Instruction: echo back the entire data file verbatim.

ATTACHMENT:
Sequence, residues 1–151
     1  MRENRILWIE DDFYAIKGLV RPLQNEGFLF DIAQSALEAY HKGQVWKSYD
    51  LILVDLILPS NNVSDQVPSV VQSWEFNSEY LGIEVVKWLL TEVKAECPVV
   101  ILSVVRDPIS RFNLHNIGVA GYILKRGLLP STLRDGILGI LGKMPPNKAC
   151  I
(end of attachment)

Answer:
Sequence, residues 1–151
     1  MRENRILWIE DDFYAIKGLV RPLQNEGFLF DIAQSALEAY HKGQVWKSYD
    51  LILVDLILPS NNVSDQVPSV VQSWEFNSEY LGIEVVKWLL TEVKAECPVV
   101  ILSVVRDPIS RFNLHNIGVA GYILKRGLLP STLRDGILGI LGKMPPNKAC
   151  I